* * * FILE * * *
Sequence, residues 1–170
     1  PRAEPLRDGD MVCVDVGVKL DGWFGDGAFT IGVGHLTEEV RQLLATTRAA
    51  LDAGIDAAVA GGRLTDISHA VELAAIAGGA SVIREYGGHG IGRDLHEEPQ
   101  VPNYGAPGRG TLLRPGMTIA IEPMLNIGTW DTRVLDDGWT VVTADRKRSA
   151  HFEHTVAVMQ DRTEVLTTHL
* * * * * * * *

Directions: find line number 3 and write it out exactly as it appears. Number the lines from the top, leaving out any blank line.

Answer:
    51  LDAGIDAAVA GGRLTDISHA VELAAIAGGA SVIREYGGHG IGRDLHEEPQ